V/H/S Nope, nothing terrifyingly horrific here. Move along.

V/H/S OPENS WITH what I can only describe as an incidental sexual assault. A group of men pull on ski masks and ambush a woman in a snowy parking lot. They tear off her clothing, record it, and run away. It's quick, gross, and probably where I would have walked out if I wasn't getting paid (a little bit) to watch the dang thing.

Why do I object to that scene and not, say, the steaming avalanche of gratuitous viscera that courses intermittently through the rest of this found-footage horror anthology? Well on one level, it's just hypocrisy. But on another level—which is the one I'm going to cling to—it's that getting chopped up into little bits is a fairly universal fear. Getting molested in an empty parking lot is a more specific and immediate anxiety, and cheaply exploiting it for my entertainment feels cruel to both the characters and the audience. That is a type of cruelty I'm reluctant to endorse.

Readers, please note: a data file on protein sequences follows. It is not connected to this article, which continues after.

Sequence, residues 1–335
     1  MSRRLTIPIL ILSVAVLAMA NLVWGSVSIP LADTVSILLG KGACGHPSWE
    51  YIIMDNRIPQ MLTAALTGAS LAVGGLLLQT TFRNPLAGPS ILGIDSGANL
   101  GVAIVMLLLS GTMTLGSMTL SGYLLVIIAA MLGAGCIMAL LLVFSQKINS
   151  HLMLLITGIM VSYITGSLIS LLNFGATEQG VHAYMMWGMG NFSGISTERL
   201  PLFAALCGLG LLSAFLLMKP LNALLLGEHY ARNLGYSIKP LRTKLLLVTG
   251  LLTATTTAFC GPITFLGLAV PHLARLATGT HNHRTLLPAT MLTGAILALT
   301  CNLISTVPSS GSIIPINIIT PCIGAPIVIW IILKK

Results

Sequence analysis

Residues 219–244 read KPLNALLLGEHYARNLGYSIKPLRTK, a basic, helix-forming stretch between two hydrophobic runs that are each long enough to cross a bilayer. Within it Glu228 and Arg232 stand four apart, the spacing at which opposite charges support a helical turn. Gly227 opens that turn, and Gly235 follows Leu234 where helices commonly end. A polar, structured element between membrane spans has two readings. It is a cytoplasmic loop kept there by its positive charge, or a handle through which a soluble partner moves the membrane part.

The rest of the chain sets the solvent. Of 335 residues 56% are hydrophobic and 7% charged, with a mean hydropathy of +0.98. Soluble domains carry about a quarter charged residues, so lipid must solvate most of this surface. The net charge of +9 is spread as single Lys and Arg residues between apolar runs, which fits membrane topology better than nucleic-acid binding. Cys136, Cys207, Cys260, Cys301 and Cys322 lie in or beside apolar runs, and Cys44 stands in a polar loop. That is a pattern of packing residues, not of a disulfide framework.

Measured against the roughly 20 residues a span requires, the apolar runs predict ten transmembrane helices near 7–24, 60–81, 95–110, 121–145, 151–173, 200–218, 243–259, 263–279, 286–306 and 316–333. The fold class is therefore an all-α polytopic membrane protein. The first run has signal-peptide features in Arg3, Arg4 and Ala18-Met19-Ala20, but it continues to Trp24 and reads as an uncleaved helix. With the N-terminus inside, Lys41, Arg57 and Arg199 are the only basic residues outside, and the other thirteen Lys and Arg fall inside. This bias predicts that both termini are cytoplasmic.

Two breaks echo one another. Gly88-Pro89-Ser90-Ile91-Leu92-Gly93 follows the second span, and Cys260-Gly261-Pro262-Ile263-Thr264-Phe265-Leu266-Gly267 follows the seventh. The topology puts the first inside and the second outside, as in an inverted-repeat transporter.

It's a shame, because once you get past the persistently clumsy framing story, the short films contained within V/H/S are inventive and unnerving; there's a good blend of CGI and practical effects, and there are some scares outside the usual "Oh God I am being stabbed to death" (though there is plenty of stabbing). The House of the Devil director Ti West's Second Honeymoon is the standout in terms of subtlety: It's a slow, effective burn, and much of the horror comes from the casually shitty things people in long-term relationships sometimes do to each other.

Should you see this movie? I dunno. If you like found-footage horror movies, you'll probably love this one. I'm not going to condemn you as a human being if you do. But I don't feel good recommending it to anyone else.